How is Botox Used for Migraines?

Updated on January 27, 2023

Chronic migraines may also be treated with injectable botulinum toxin wrinkle-reduction procedures. These remedies are referred to as neuromodulating medications, such as Botox, Xeomin, Mybloc, and Dysport. The same injectables dermatologists and aesthetic surgeons use to reduce facial wrinkles are also used to treat migraines.

Qualified medical professionals use botulinum toxin injections into various locations around the head and neck to treat migraines. Only a select group of adults (18 and older) who feel 15 or even more migraine days each month are eligible for the treatments. After treatment, it could take up to four weeks before you notice a decrease in the intensity of your migraines, and you might require more than one round of injections.

Botox for migraines: How practical are they?

Scientists are eager to discover botox for migraines. There is evidence that the medication blocks the pathway by which pain is transmitted from the spinal cord to the brain through the central nervous system.

Your body exhales molecules linked to pain and substances known as neurotransmitters when you experience a migraine. These substances are typically transmitted when nerves and muscles converge, but botulinum toxins obstruct their movement. The stimulant is infused into the muscles in the face, neck, and head, which are believed to be absorbed by the nerves and disrupt pain-related neurotransmission.

Botox is a migraine-preventative therapy that can lessen migraine frequency. Even though Botox for migraines has been a United states food and drug remedy since 2010, the exact mechanism by which it combats the condition is still somewhat unknown.

Botox is technically injected close to the head, neck, and back pain fibers responsible for headaches. Botox blocks the release of substances that transmit pain, which stops the brain’s pain networks from being activated.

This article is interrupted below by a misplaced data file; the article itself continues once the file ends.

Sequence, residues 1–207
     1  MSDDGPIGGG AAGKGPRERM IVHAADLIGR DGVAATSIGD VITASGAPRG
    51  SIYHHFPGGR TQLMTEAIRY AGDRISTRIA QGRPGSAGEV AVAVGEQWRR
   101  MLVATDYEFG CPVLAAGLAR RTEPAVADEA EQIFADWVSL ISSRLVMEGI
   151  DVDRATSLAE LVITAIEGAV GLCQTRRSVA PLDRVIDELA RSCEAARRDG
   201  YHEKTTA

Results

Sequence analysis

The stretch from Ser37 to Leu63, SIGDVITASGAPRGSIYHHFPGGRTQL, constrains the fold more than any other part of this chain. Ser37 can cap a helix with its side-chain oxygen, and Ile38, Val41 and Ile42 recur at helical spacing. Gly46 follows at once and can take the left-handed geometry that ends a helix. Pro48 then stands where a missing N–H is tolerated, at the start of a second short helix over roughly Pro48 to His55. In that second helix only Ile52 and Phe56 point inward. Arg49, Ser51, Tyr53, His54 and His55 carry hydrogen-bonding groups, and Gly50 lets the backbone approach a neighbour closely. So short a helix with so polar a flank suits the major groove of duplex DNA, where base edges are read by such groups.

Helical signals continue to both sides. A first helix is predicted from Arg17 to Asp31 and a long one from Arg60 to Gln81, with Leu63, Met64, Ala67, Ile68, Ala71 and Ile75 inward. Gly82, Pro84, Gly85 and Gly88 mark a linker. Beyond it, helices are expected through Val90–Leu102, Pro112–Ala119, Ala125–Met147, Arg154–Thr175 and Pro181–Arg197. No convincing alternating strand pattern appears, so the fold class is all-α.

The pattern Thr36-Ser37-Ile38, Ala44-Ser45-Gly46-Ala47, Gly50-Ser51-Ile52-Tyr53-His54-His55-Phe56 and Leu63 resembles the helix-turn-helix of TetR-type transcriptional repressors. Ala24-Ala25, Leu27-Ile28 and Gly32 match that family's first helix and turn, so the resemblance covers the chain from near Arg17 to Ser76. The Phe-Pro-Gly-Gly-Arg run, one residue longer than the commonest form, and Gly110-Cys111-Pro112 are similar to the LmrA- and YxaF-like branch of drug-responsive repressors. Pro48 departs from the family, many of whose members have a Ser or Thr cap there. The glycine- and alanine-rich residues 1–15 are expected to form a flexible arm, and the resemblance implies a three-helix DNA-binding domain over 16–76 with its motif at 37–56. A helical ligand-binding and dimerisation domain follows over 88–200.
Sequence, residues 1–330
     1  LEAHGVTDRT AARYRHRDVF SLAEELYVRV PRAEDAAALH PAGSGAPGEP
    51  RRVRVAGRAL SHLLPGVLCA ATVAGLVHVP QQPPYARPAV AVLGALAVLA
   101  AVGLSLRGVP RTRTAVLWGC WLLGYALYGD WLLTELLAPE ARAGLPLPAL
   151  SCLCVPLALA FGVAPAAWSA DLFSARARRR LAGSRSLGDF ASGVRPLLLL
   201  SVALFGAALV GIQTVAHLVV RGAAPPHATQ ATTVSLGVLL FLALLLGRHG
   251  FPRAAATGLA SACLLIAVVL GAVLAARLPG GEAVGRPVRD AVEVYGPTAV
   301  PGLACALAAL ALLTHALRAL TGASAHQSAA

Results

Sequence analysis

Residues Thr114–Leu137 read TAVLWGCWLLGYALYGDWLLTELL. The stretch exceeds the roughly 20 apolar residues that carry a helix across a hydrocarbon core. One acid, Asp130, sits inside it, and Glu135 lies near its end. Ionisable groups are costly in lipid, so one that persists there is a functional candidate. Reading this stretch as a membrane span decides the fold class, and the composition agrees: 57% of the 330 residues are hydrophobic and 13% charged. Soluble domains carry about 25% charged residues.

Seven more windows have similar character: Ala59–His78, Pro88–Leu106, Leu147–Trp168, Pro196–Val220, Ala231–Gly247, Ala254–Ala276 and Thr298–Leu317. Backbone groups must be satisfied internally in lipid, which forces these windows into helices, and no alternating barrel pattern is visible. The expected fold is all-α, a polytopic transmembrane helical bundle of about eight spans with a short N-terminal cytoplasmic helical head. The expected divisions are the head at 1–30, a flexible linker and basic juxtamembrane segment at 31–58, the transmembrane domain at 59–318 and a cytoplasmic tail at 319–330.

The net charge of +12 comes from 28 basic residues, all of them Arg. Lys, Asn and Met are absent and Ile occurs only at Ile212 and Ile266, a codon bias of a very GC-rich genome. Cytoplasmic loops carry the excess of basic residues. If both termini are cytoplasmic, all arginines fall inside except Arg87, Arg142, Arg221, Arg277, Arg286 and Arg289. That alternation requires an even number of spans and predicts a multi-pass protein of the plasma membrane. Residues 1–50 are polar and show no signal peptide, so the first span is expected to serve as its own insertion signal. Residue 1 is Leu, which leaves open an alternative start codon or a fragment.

However, it still needs to be determined why Botox functions in that manner.

Are these the same botox used for cosmetics?

The quantity and location of Botox change based on your objectives, even though the same medication is used for cosmetic and migraine prevention purposes.

If you receive Botox for aesthetic purposes, you might experience some relief. But when you get Botox from an esthetician, the injections aren’t made in the same places as in a doctor’s office. Your body won’t receive the full migraine-busting benefits of the medication.

The Botox manufacturer advises against using more than 400 units in three months. Technically, you have leeway to go to an esthetician for Botox because your neurologist will supervise 155 units. This, however, might be a problem. It becomes hazy, and depending on whom you ask, opinions change.

It is best to consult with your supplier before booking with your esthetician if you want to do both.


In conclusion, Botox for migraines reduces pain by impacting sensory nerves. Although not considered the primary mechanism for migraine, an effect on muscular contractions may also be involved. Before making any decisions, seek professional advice. As this process is still to be done appropriately and researched with humans, prevention and proper guidance from a professional are very important. Never test yourself before seeking information or advice.

The Editorial Team at Healthcare Business Today is made up of skilled healthcare writers and experts, led by our managing editor, Daniel Casciato, who has over 25 years of experience in healthcare writing. Since 1998, we have produced compelling and informative content for numerous publications, establishing ourselves as a trusted resource for health and wellness information. We offer readers access to fresh health, medicine, science, and technology developments and the latest in patient news, emphasizing how these developments affect our lives.